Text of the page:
In 1970, while a senior in high school, major calamity befell my family. I struggled desperately to find my way, and friends at school said “Our church has answers!” So I started attending and studying the Bible with a vengeance. But their answers didn’t make sense to me, so I kept asking yet more questions. Finally, the pastor said, “If you learned Greek, you could read the New Testament in the original for yourself and answer your own questions.” Something in my head went Pop! ... “I ... CAN ... DO ... THAT!”

So I did. And because it’s too easy merely reading to let your eyes glaze over the hard parts, I decided to do my own translation.

What I discovered is that the mainstream translations of the New Testament leave out a myriad of ‘insignificant’ details. For example, consider the Lord’s Prayer (Matthew 6):

  • “Our father in the heavens”: ‘heavens’ here is plural in the Greek, not singular. But in the very next verse: “your will be done on earth as it is in heaven”. here ‘heaven’ is singular! Sometimes singular, sometimes plural. Why always translate it singular?

Also, Greek makes distinctions with its verb tenses that we don’t really have in English. One is the distinction between ’continual’ action vs. ‘one-time’:

  • Be seeking and you shall find. (Matt.7:7) The usual translation “Seek and you shall find” suggests one need ‘seek’ only once, whereas the Original makes it clear that persistence may be required. (Because it’s good for us!)

And then there’s gender inclusive language. To be sure the New Testament was written in a time and place in which the genders were very unequal. (They still are in that part of the world.) Nevertheless, an additional layer of gender exclusiveness has frequently been added to the New Testament in translation that isn’t in the Original. For example, the word ἄνθρωπος/ANTHRŌPOS — translated by the King James et al as ‘man’ — is not gender specific and is better translated ‘humanity’ and synonyms. So although some modern translations translate ANTHRŌPOS/ἄνθρωπος as ‘humanity’ some of the time, it’s quite striking when ANTHRŌPOS is translated this way consistently:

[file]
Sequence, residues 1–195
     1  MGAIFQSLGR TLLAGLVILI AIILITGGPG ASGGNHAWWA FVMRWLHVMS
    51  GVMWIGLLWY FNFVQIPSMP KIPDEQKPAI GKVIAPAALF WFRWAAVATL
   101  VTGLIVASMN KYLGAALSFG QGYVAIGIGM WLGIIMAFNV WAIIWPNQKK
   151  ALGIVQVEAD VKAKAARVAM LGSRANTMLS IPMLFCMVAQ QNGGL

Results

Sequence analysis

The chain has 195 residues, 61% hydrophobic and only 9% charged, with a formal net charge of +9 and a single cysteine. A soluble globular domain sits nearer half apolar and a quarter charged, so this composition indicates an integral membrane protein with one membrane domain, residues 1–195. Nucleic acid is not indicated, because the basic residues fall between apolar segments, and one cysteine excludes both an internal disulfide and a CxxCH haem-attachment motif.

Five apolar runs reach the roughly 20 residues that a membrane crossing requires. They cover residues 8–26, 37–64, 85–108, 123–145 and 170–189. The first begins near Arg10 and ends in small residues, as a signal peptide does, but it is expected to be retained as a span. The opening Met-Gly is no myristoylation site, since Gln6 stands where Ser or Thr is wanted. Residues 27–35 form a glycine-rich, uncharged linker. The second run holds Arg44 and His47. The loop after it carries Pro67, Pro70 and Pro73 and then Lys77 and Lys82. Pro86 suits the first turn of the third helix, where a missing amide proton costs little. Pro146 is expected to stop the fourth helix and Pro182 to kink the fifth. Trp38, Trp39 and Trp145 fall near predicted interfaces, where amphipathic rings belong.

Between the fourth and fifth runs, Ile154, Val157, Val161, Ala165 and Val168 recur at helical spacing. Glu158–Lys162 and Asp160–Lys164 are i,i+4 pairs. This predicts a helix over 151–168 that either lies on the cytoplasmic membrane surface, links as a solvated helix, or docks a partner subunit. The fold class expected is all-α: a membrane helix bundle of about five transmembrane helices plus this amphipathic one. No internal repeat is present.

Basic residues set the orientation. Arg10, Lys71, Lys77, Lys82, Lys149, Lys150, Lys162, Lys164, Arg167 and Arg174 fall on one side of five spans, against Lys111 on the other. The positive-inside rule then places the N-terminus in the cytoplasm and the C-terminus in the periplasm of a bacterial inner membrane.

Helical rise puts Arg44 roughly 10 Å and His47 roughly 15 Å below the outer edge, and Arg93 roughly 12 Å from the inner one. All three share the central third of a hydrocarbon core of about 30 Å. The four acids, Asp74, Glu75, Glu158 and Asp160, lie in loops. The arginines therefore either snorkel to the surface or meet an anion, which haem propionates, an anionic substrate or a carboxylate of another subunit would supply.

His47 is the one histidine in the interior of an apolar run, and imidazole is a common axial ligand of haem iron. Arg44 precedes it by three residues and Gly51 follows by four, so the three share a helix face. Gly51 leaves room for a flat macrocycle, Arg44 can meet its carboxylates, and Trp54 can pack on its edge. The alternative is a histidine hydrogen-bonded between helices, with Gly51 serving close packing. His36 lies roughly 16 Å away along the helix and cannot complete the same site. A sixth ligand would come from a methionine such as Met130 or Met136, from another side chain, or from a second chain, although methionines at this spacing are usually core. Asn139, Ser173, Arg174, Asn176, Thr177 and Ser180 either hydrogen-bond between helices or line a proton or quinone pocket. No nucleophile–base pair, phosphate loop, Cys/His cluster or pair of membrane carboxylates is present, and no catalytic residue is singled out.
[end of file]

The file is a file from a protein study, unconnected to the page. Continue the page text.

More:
• A major theme of the N.T. is that Jesus is both ‘Son of God’ and ’Son of Man’ ’Son of Humanity’: “the Son of Humanity did not come to be served, but to serve, and to give his life a ransom for many.” (Matt.20:28)
  • "Man Humanity does not live by bread alone, but by every word coming from the mouth of God." (Matt 4:4)

In short, I wondered what a translation might look like if one used English in a creative and sometimes unconventional manner to capture more of the sense of the Original, didn’t smooth over ‘rough edges’ — if that’s what they are, and didn’t discard ‘insignificant’ details —because they might not be insignificant after all. The mainstream translations bend the sense of the Original to fit easy and proper English, an approach which certainly has its place. But isn’t there room for a translation that unabashedly uses the power of English to capture more of the sense and detail of the Greek?